English Lit. Fiction Terms

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60 Cards. Created by Ashley Fiveash ().
List of Fiction terms D-P


A French term meaning "unraveling" or "unknotting" to describe that portion of a plot that reveals the final outcome of its conflicts or the solution of its mysteries.


A situation in which a character must choose between two courses of action, both undesirable

Direct Presentation of a Character

Method of characterization in which the author, by exposition or analysis, tells us directly what a character is like, or has someone else in the story to do so.


Writing that departs from the narrative or dramatic mode and instructs the reader how to think or feel about the events of a story or the behavior of a character.


In fiction, when a character suddenly experiences a deep realization, insight, or revelation, usually related to something generally commonplace.

Escape Literature

Literature written purely for entertainment, with little or no attempt to provide insight into the true nature of human life or behavior; it follows a pattern of conventional reader expectations.


A narrative device that provides necessary background information about the characters and their circumstances


A brief story that sets forth some pointed statement of truth.

Fairy Tale

A usually short story that sets forth strange and wonderful events in more or less bare summary without detailed character-drawing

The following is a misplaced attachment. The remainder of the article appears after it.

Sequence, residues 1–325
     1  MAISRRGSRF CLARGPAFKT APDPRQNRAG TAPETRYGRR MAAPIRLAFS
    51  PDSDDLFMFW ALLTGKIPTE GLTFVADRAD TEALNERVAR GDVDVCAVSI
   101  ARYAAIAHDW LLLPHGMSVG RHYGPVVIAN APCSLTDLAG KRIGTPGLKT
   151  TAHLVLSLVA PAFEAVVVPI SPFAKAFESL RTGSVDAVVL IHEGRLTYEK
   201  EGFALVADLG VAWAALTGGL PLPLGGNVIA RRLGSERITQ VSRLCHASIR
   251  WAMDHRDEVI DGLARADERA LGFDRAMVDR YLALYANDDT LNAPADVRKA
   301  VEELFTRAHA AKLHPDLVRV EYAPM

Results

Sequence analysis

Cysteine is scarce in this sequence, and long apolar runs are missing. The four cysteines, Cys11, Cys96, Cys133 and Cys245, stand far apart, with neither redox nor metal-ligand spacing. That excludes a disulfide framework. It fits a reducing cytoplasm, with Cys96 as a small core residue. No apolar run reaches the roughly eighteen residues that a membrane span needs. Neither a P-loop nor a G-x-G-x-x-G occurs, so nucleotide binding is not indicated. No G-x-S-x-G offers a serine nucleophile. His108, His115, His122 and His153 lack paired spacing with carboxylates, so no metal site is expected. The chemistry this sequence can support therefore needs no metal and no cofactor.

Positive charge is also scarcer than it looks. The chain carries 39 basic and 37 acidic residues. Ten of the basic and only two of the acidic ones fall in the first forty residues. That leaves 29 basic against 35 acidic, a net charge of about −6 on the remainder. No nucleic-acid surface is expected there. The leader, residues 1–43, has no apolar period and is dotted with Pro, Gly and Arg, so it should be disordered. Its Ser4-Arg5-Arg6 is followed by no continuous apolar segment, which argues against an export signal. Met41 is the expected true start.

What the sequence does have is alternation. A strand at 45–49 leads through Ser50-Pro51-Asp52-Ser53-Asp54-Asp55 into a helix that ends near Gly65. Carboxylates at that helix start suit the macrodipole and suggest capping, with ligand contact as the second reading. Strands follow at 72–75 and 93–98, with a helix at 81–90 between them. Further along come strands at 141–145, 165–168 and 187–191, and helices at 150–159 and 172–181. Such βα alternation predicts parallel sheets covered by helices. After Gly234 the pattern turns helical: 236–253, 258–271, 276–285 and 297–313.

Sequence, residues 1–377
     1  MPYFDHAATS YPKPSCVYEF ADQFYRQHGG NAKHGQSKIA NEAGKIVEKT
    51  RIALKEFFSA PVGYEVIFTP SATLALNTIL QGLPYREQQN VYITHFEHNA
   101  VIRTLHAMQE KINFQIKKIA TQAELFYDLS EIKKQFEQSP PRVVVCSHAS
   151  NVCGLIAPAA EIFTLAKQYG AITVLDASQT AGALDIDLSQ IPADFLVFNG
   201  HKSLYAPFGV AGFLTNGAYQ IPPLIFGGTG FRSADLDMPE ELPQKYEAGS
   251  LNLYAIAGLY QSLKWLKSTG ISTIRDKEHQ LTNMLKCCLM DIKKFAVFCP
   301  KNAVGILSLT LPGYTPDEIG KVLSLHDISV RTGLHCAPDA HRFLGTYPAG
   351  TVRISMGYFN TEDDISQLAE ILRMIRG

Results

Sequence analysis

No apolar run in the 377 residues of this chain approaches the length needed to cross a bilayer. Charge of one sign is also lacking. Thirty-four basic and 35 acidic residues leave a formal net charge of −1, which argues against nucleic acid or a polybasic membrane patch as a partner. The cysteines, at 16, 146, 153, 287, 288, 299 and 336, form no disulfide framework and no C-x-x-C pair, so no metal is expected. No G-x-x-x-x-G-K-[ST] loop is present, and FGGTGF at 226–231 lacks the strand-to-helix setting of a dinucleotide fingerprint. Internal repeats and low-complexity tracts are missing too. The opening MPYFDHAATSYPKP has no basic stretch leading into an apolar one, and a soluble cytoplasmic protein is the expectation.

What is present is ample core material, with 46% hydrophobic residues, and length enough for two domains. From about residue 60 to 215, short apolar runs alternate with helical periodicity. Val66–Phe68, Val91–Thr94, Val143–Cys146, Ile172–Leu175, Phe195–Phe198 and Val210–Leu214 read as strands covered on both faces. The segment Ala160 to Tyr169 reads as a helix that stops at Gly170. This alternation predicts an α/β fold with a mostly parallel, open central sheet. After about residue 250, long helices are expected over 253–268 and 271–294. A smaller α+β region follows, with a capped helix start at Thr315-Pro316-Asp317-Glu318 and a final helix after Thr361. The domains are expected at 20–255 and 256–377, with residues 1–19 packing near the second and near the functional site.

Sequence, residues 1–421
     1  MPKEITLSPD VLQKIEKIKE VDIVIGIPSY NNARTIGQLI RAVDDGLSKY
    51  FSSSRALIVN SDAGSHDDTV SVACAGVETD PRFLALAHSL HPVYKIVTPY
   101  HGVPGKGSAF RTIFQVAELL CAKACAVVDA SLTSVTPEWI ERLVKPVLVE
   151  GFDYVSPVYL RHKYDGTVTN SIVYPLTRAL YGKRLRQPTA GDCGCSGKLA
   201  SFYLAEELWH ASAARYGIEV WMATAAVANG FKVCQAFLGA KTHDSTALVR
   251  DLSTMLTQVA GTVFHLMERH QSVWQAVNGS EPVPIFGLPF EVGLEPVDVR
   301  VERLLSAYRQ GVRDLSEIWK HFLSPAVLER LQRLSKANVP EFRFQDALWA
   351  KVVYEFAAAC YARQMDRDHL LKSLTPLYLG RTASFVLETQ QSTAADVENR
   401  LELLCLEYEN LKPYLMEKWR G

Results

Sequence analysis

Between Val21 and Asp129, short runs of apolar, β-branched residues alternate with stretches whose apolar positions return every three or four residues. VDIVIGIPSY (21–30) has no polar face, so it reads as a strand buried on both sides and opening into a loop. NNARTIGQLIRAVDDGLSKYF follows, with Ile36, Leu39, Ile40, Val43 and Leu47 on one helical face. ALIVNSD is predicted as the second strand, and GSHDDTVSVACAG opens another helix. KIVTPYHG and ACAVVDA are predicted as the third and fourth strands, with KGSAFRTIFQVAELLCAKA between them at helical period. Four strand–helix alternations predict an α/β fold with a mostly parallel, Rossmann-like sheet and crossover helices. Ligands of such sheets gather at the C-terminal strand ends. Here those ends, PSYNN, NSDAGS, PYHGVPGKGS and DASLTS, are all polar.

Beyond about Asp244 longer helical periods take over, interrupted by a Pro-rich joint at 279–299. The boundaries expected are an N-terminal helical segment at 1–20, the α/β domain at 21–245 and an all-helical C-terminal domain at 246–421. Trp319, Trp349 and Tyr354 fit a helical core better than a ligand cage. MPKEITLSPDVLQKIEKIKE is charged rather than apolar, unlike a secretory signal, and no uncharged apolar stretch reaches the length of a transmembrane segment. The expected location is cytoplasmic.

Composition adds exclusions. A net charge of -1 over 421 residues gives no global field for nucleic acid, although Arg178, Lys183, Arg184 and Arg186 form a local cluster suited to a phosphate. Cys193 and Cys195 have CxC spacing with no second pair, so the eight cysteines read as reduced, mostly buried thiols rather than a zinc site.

Falling action

The segment of the plot that comes between the climax and the conclusion.


A kind of fiction that pictures creatures and events beyond the boundaries of known reality.


A narrated scene that marks a break in the narrative in order to inform the reader or audience member about events that took place before the opening scene of a work.


The introduction of verbal and dramatic hints or clues that suggest a later action.

Happy ending

An ending in which events turn out well for a sympathetic protagonist.

Indeterminate ending

An ending in which the central problem is left unresolved.

Indirect representation of character

Method of characterization in which the author shows us a character in action, compelling us to infer what the character is like from what is said or done by the character.

Interpretative literature

Provides valid insights into the nature of human life or behavior.

Irony of Situation

A situation in which there is an incongruity between the appearance and reality, expectation and fulfillment, or the actual situation and what would seem appropriate.

Dramatic Irony

An incongruity or discrepancy between what a character says or thinks and what the reader knows to be true (or between what a character perceives and what the author intends the reader to perceive).

Cosmic Irony

A discrepancy between what a character aspires to and what universal forces provide; occurs when a writer uses God, destiny or fate to dash the hopes and aspirations of a character or humankind in general.